The morning after defeating Julia Gillard in the Caucus vote, there was a sense of Deja Vu in Parliament as Kevin Rudd stood once again as Prime Minister and proceeded to give a glowing tribute to the lady who’s political career he had just terminated. In fact, so glowingly did he describe Ms Gillard’s  parliamentary record that Tony Abbott was quickly on his feet asking Mr Rudd why, if Julia Gillard was as good as he said she was, had he replaced her?

It was good question, but, of course everyone knew the answer. Kevin Rudd had replaced Julia Gillard because the Labor Caucus thought Kevin Rudd had a better chance of defeating Tony Abbott in the forthcoming election. Even Mr Abbott knew that. The fact that the Labor Caucus had reversed its party  leadership decisions of June 2010 and on two subsequent occasions, the last in April year, was a ringing endorsement of Paul Keating's observation  that if you are going to bet on anything, "always bet on Self Interest. At least you know it is trying."

Ironically, the Guardian newspaper (The Guardian Australia Online Version, June 28, 2013) has now produced figures to say that Julia Gillard’s minority government was the most effective government in Australian federal history. This statement was made by the Guardian journalist, Nick Evershed, who counted the total number of Acts of Parliament passed under each Prime Minister and divided this sum by the number of days each  Prime Minister was in office. This gave Mr Evershed the rate of Acts of Parliament passed per day for every Prime Minister since Edmund Barton stepped into the office on January the 1st, 1901.

Julia Gillard tops this Legislative Effectiveness list with a Rate of 0.495 Acts of Parliament per day, followed by Bob Hawke at 0.491 per day. Malcolm Fraser, in third place, is the top conservative PM at 0.481. Paul Keating is next at 0.476 and John Howard is in 5th place at 0.452. Kevin Rudd is ranked 8th at 0.374 and Sir Robert Menzies is 11th at 0.247.

Even Mr Evershed admits that there are flaws in this way of measuring a government’s effectiveness but, nevertheless, the figures are interesting. Some of the illustrious names of the early years of Federation such as Alfred Deakin, Andrew Fisher and Sir George Reid have rather low rates, but this is largely due to the fact that in those early days, Federal governments passed relatively small amounts of legislation.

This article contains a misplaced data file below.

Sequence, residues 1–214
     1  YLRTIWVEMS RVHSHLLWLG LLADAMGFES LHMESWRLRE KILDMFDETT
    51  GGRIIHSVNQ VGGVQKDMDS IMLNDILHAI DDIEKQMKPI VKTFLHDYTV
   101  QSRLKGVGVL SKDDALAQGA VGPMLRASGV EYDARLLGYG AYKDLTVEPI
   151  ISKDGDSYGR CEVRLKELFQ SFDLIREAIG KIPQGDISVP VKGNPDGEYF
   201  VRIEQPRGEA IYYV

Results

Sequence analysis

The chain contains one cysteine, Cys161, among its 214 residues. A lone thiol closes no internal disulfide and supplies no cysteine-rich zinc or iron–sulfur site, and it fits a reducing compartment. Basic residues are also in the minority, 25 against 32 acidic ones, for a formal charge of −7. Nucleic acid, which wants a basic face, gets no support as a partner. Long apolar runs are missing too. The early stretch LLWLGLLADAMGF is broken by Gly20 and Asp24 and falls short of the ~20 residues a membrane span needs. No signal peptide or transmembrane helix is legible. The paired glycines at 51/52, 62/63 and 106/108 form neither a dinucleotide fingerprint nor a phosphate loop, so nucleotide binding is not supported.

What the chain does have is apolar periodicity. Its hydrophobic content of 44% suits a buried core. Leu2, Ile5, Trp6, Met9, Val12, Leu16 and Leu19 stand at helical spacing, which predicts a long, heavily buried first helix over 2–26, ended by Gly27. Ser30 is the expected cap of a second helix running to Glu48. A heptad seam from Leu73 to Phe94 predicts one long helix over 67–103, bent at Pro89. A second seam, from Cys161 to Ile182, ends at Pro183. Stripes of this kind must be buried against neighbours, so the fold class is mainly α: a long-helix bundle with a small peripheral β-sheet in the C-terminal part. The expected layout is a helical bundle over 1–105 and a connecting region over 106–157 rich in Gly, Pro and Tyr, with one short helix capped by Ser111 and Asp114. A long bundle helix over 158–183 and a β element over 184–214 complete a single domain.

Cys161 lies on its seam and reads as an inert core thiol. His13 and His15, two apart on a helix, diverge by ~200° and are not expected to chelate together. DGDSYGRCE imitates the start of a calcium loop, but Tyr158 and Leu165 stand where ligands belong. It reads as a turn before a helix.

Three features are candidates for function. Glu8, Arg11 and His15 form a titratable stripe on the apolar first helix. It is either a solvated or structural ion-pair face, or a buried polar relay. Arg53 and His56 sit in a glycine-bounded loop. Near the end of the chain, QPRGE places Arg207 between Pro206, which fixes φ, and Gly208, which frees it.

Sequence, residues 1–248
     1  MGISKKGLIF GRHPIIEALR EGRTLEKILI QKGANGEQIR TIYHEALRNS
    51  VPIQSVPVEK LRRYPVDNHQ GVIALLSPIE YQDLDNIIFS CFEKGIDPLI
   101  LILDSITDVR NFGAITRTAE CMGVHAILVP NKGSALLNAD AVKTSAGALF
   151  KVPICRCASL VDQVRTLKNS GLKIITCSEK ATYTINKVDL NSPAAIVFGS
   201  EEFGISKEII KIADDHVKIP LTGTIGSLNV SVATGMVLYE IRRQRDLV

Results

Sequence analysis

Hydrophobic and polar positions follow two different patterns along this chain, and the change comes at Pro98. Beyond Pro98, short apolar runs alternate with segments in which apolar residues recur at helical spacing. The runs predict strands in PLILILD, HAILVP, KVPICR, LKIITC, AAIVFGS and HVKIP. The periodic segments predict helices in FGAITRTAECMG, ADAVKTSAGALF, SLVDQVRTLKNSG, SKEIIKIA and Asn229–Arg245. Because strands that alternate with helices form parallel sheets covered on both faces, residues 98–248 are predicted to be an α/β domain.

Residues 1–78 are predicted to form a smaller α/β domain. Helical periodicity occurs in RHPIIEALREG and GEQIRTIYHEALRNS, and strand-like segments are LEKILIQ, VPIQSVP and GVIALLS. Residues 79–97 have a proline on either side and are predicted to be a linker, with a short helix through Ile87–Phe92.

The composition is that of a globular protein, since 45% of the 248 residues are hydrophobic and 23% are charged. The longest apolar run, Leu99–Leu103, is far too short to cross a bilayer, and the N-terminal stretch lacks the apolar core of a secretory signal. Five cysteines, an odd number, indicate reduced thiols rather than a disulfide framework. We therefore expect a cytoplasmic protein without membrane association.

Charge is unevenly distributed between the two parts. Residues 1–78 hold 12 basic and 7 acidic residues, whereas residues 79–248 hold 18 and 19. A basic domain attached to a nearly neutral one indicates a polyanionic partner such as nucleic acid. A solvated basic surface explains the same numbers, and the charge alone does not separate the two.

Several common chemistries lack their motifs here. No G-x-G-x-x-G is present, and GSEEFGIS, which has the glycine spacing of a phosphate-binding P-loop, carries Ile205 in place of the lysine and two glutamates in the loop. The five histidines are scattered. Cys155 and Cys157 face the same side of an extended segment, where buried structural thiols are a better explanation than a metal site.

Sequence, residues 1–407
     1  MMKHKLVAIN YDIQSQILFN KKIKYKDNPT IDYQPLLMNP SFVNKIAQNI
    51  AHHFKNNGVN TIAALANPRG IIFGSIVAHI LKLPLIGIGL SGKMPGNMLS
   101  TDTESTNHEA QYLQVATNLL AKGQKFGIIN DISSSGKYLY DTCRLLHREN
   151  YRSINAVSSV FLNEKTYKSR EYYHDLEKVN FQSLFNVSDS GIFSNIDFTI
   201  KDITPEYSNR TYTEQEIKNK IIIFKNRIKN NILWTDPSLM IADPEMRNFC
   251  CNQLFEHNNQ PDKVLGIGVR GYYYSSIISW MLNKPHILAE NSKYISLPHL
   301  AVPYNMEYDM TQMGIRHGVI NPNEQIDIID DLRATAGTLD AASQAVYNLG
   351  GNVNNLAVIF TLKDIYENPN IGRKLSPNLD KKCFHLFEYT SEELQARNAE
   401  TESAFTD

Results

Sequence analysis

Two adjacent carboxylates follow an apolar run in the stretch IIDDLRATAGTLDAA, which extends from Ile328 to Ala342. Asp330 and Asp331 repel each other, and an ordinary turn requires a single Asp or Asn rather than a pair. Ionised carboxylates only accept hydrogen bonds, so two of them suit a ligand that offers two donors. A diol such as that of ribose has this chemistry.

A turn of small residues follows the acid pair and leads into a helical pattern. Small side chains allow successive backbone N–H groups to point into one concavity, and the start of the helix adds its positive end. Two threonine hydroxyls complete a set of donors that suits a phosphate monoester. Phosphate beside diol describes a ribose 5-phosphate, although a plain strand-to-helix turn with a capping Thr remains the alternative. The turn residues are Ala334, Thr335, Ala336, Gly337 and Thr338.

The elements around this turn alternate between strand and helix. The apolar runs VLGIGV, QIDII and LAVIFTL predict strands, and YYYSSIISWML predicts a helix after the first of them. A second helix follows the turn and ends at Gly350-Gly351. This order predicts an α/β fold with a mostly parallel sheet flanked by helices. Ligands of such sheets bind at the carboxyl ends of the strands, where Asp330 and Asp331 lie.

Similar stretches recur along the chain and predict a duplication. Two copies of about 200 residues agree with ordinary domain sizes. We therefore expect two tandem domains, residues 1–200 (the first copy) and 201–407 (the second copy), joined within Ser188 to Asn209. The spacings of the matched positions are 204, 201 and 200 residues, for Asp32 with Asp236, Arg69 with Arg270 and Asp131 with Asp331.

Demonstrating that statistical analysis is not an infallible measure, it is notable that John Curtin, whom many respected political commentators regard as Australia's greatest Prime Minister, appears on the list in 15th place with a rate of 0.157. Of course he and his government were rather preoccupied with World War 2 at the time.

The fact  remains that Julia Gillard led a minority government that produced a huge amount of legislation, much of it nation building, that will impact on Australian lives for the next fifty years or more. Her minority government was not expected to last twelve months, let alone three years. Its legislative record is doubly remarkable because her minority government achieved this notable feat despite the fact that the Opposition Leader, Tony Abbott, did not recognise Gillard’s government as legitimate. From Day One he tried desperately to destabilise it, calling almost daily for another election and working steadfastly to bring it about.

There is something ironic about Mr Abbott’s constant complaints about the legitimacy of the Gillard government, which was only able to claim a majority in the House of Representatives by negotiated agreements with the Greens and several Independents. The fact is that since 1949 many Liberal governments have not had a majority of seats in the House of Representatives and have only governed  by forming a coalition with the Country Party, previously known as the National Party. Apparently, according to Mr Abbott, it is quite legitimate for the Liberal Party to join forces with non Liberal Party members in order to form a government but definitely illegitimate when the Labor Party does exactly the same thing.